33. Thavolia Glymph – History. Still there. Associate Professor, African & American Studies.

34. Michael Hardt – Literature. Still there. This is a real flake.

35. Joseph Harris - University Writing Program. Still there.

36. Karla Holloway – English. Still there.

37. Bayo Holsey - African & African-American Studies. Still there, although listed as “on leave” for 2010-2011 academic year.

38. Mary Hovsepian – Sociology. Still there.

39. Sherman James - Public Policy. Still there. African American Studies.

40. Alice Kaplan – Literature. Still there; Emeritus.

41. Keval Kaur Khalsa - Dance Program. Has moved on to who knows where.

42. Ranjana Khanna – English. Now appears to be in the “Literature Program.”

43. Ashley King - Romance Studies. Now lists her name as Ashley Elizabeth King-Scheu, and lists her field as Graduate Student in Absentia, French. Not sure what this means, but it doesn’t sound like fast-tracking to me.

44. Claudia Koonz – History. Still there.

45. Peter Lasch - Art, Art History. Still there.

46. Dan A. Lee – Math. Has moved on.

47. Pat Leighten - Art, Art History, and Visual Studies. Still there.

48. Frank Lentricchia – Literature. Appears to still be there. Got his Ph.D. from Duke in 1966, which would mean he’s “gettin’ up there.”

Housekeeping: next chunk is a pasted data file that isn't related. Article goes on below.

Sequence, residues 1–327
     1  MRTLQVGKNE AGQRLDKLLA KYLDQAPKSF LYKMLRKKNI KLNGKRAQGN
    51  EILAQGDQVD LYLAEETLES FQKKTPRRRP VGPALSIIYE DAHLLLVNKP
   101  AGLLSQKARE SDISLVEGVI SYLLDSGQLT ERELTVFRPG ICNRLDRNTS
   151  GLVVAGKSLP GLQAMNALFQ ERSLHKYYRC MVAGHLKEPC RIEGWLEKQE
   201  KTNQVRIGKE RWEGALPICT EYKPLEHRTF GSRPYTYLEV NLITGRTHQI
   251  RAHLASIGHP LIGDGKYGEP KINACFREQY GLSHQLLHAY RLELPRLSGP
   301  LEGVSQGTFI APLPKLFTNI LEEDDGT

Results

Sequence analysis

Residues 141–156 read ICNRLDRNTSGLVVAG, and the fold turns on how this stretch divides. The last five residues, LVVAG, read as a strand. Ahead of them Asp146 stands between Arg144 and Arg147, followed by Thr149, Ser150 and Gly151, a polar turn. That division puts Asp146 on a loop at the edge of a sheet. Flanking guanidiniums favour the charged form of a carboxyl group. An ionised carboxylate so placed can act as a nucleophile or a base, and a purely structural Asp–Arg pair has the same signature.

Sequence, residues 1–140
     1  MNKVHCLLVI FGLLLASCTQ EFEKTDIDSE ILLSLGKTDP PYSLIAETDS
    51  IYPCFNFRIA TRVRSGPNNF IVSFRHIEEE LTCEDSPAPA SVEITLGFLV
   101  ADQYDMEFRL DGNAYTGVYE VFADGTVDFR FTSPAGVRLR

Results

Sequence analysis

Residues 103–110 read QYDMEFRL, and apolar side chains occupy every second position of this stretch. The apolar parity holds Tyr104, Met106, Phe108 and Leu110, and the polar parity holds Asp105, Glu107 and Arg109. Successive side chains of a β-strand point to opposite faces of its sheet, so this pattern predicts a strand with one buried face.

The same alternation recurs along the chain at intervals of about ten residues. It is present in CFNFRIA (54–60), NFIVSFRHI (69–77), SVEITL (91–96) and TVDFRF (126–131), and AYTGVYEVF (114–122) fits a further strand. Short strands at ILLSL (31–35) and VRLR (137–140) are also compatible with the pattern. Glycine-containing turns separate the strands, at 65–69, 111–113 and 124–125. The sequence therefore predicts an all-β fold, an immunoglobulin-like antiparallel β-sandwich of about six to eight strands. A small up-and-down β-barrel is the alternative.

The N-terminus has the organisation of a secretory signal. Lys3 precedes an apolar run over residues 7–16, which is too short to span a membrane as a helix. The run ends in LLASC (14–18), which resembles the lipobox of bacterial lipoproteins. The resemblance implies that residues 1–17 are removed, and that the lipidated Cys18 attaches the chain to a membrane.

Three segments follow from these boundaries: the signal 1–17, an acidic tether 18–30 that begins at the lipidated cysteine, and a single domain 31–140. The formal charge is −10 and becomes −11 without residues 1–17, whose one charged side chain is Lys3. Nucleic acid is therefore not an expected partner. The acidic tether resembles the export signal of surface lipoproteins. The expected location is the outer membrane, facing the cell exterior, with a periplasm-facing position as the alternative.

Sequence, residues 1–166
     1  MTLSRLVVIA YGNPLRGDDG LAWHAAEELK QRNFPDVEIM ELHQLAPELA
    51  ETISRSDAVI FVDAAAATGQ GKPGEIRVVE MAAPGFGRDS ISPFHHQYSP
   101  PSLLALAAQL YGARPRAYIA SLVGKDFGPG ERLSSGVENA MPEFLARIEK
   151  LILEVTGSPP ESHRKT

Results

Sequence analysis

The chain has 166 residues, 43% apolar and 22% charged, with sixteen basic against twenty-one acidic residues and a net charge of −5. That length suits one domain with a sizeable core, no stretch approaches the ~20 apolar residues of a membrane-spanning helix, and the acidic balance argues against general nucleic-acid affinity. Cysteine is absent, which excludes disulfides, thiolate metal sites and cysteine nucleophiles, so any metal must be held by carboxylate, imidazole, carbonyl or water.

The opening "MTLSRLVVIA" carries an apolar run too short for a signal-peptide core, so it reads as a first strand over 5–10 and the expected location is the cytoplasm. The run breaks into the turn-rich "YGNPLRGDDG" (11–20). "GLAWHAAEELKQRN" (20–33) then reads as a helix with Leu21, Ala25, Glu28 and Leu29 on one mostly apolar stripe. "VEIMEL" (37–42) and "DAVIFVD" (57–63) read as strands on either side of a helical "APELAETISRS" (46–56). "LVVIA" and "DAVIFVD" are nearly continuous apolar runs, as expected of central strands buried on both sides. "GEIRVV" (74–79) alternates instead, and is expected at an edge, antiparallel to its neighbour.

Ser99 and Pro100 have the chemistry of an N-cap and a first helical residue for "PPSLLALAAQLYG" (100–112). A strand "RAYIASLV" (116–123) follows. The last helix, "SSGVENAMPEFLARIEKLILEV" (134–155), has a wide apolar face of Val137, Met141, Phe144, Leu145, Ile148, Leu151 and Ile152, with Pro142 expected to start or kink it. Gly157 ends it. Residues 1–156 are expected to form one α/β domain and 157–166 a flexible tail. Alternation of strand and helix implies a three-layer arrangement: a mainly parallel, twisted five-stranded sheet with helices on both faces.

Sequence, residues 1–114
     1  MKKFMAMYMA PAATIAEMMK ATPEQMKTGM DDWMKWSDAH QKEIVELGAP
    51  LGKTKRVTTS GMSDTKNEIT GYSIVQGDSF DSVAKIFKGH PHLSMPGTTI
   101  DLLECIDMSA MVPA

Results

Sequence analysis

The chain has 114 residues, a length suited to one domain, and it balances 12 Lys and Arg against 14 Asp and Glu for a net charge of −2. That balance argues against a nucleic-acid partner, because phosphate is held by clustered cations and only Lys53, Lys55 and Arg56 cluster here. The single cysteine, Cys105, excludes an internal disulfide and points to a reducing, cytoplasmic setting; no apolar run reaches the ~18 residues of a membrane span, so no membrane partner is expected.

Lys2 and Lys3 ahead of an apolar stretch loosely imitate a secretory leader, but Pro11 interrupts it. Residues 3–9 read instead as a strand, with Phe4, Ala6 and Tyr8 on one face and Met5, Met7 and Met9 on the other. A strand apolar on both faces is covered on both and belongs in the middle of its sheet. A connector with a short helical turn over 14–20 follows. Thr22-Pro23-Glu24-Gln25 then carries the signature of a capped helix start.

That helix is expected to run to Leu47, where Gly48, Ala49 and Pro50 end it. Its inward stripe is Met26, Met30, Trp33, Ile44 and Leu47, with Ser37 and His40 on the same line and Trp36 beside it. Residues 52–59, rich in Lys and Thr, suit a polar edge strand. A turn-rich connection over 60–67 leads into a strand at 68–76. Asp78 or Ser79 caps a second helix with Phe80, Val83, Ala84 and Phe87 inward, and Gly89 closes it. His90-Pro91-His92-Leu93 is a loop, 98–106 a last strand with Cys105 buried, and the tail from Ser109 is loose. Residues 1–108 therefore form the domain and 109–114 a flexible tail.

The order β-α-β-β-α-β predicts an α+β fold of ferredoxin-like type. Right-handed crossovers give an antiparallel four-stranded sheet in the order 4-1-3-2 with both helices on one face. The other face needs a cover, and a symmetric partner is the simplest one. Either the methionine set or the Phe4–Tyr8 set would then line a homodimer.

49. Caroline Light - Institute for Critical U.S. Studies. May have moved on, may have changed her name. Her association with Duke seems to be tenuous, but cannot be said to have been broken.


40 posted on 10/12/2010 7:20:41 AM PDT by Steely Tom (Obama goes on long after the thrill of Obama is gone)
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To: abb

they will not learn from this....it’ll happen again....soft and mushy white folk love to bend over backwards to minorities just to seem “fair” and “diverse” even if it means dumping everyone else’s constitutional rights..


44 posted on 10/12/2010 8:52:12 AM PDT by cherry
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To: 100%FEDUP; 2ndMostConservativeBrdMember; ~Vor~; a4drvr; Adder; Aegedius; Afronaut; alethia; ...

NC *Ping*

Please FRmail MitchellC if you want to be added to or removed from this North Carolina ping list.
45 posted on 10/13/2010 11:22:16 PM PDT by MitchellC